I am fully aware that there are many of us who are unlikely to be particularly moved by this information. We are, after all, a country wracked with violent crime and we are sick to death of it.  At the very least, however, we need to acknowledge that we are failing to achieve one of the objectives of the correctional system itself as spelt out clearly in the Correctional Services Act: “promoting the social responsibility and human development of all prisoners.”

The second factor is cost. We are spending an enormous amount of money on accommodating people in prisons: R10 000 per month per prisoner. And for what? People that commit crimes will, for the most part, reoffend unless rehabilitated. More than 50% of the budget is spent on ‘incarceration’ and less than 5% on ‘social reintegration.’ ‘Rehabilitation’ and ‘care’ receive about 14%. And it shows. There has never been any kind of meaningful relationship between the incarceration rate and the crime rate in South Africa. If anything, interpersonal violence increased at much the same point in time as the prison population.

Moreover, harsher penalties have never been shown to have a deterrent effect on offending behaviour or a positive outcome in respect of public safety. Certainly, a term of imprisonment incapacitates an offender. But there is a significant amount of research indicating that harsher sentences lead to an increase in recidivism rates and reduce the chances of rehabilitation.

What does deter crime is the certainty of prosecution. Sadly, we are not doing so well on that score. In 2000, for example, when violent crime was near its peak, 610 000 of the 2.6 million crimes recorded by the South African Police Service were referred to the National Prosecuting Authority for prosecution. The NPA took on only 271 000 of those matters, which then resulted in 210 000 convictions. Thus, although the NPA was able to secure an impressive number of guilty verdicts, these convictions amounted to only 8% of the crimes recorded.

The third factor is the socio-economic consequences of imprisonment. In addition to the obvious economic consequences of losing a bread winner, there are a number of profoundly worrying outcomes in respect of the minor children who have an incarcerated parent. There is now ample research from the United States indicating that excessively long sentences are the leading cause of family poverty, juvenile delinquency, poor academic performance and depression and mental illness. A particularly stunning documented long-term consequence is intergenerational incarceration: children in the United States with an incarcerated parent have an imprisonment rate six times that of children who do not. There is no reason to suspect that the figures would be any different in South Africa.  Just like the United States, certain groups of people are overrepresented in the prison population. For every white person in prison, for example,  there are approximately twelve coloured people. This means that whole communities are and will remain plagued by the devastating consequences of incarceration.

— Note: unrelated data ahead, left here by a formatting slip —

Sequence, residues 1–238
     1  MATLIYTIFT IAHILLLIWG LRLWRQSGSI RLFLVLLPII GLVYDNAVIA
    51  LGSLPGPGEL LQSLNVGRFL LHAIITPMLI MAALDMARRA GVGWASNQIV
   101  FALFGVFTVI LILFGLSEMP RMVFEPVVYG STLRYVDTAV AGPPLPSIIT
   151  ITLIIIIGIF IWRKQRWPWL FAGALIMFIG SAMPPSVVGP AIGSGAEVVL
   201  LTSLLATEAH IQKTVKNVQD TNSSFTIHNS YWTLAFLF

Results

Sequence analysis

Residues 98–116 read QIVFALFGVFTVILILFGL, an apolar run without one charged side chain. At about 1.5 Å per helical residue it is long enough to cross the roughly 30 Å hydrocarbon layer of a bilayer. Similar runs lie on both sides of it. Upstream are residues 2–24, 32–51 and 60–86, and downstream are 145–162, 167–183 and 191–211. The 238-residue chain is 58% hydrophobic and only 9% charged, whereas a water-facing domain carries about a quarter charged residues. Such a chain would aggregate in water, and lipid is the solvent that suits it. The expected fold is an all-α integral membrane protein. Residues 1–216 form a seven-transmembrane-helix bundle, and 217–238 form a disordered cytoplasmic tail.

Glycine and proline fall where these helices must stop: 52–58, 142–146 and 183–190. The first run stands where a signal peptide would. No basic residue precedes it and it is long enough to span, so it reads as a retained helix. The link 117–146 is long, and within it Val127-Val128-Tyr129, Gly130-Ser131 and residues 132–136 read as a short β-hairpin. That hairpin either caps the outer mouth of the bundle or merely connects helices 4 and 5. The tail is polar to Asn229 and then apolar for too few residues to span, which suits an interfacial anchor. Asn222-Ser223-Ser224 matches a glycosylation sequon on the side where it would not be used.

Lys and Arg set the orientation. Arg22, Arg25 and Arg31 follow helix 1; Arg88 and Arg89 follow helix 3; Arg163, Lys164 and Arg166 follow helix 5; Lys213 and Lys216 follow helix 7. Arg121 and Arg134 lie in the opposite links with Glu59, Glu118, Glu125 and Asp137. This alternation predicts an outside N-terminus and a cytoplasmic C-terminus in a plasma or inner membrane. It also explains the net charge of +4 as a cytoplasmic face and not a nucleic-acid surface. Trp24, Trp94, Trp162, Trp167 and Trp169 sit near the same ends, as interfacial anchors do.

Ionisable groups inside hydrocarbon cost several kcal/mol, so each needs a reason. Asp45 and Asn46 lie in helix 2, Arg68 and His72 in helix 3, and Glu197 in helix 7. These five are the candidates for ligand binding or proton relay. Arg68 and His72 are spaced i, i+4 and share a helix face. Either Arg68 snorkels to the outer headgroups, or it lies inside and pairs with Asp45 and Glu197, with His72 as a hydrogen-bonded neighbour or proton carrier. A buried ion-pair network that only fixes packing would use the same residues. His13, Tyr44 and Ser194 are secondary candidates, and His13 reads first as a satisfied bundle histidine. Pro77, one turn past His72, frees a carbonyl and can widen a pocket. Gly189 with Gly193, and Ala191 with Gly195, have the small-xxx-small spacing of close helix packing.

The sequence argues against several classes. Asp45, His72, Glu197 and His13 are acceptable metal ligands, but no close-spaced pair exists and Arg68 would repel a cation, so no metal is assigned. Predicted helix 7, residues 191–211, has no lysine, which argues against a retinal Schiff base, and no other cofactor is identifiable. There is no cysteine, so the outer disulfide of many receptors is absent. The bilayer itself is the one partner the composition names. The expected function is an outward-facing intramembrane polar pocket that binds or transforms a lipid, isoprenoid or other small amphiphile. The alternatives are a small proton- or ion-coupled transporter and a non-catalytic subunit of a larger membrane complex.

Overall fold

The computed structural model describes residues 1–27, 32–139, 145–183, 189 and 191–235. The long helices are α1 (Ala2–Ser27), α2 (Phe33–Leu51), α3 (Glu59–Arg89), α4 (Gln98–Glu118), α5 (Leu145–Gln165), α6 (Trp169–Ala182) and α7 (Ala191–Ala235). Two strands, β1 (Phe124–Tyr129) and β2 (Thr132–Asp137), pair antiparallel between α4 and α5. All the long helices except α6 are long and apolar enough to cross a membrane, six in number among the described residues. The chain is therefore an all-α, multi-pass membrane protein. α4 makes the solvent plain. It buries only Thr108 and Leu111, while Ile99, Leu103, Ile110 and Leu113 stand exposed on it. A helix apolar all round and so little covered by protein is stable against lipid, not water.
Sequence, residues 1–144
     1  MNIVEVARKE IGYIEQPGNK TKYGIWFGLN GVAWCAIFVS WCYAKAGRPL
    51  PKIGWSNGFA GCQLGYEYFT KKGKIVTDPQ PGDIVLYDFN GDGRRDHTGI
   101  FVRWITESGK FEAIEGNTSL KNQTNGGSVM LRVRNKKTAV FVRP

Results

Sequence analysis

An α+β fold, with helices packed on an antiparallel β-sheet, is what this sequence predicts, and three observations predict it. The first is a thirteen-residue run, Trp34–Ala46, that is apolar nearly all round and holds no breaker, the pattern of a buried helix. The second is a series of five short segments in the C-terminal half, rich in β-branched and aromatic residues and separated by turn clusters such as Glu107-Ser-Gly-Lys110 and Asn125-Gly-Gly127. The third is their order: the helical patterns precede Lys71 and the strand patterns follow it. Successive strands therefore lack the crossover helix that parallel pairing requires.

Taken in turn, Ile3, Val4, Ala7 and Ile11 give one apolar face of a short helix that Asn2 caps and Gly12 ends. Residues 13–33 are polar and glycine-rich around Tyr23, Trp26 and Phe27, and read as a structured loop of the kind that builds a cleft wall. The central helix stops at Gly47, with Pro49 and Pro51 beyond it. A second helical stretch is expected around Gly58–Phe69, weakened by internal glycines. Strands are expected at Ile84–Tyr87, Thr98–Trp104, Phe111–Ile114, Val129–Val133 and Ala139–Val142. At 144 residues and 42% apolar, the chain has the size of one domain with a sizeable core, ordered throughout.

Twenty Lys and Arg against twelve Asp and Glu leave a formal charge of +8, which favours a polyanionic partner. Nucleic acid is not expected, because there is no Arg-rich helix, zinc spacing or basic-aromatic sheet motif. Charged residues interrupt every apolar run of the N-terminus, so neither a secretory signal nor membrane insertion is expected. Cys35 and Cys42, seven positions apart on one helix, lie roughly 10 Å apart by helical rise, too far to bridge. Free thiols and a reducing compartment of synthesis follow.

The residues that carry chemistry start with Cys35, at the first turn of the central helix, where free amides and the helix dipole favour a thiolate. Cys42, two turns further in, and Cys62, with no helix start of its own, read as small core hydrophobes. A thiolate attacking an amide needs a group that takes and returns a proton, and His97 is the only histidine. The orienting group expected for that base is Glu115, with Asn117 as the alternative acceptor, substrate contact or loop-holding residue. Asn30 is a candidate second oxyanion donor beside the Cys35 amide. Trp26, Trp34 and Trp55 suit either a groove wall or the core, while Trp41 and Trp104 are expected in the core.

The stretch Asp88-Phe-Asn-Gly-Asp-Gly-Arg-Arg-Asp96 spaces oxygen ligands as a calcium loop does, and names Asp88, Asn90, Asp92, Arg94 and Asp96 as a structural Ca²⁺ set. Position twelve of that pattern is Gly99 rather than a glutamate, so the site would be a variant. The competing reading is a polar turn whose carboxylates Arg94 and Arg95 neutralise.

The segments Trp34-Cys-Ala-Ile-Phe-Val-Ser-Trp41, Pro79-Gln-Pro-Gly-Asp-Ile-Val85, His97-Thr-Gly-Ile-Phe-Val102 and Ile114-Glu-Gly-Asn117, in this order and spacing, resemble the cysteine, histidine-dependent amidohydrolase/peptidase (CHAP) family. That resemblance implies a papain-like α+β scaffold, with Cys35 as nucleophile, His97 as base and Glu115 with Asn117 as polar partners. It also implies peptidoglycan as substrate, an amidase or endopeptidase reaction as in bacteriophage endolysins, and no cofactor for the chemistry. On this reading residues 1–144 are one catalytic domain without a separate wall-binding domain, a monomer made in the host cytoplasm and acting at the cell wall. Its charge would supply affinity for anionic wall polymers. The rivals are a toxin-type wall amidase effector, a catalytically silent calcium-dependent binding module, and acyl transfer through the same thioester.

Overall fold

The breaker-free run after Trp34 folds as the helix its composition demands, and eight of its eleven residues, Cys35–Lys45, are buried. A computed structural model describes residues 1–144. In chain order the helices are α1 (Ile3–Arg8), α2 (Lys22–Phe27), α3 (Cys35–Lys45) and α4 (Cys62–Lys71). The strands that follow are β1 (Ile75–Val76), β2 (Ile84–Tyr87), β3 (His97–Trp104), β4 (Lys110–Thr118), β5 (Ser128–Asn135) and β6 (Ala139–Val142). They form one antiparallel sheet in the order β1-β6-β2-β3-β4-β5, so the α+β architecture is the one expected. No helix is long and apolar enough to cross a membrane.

Perhaps we’re okay with this: a penal system that serves to mete out punishment at great expense to a select group of society and, in turn, perpetuates a cycle of deprivation and delinquency. But if we are, then we need to own up to it. There is simply too much information out there to ignore the effects of the penal system we have chosen. I use the word “chosen” loosely given the fact that our prison legislation suggests that we once envisioned a prison environment founded on the right to dignity and thus the care and rehabilitation of offenders.  How odd, then, that we cling to a sentencing regime that serves the single goal of retribution.

This post was originally published on Groundup.

Clare Ballard

About Clare Ballard

Clare, an attorney, established Lawyers for Human Rights' Penal Reform Programme in July 2014. Prior to that she was a researcher at the Community Law Centre (University of the Western Cape), focusing on constitutional law and penology. Clare has a Bachelor of Arts and an LLB from the University of Cape Town, and an LLM from Cornell University. She is also a former clerk of the Constitutional Court of South Africa and has lectured on and practiced in the field of child justice.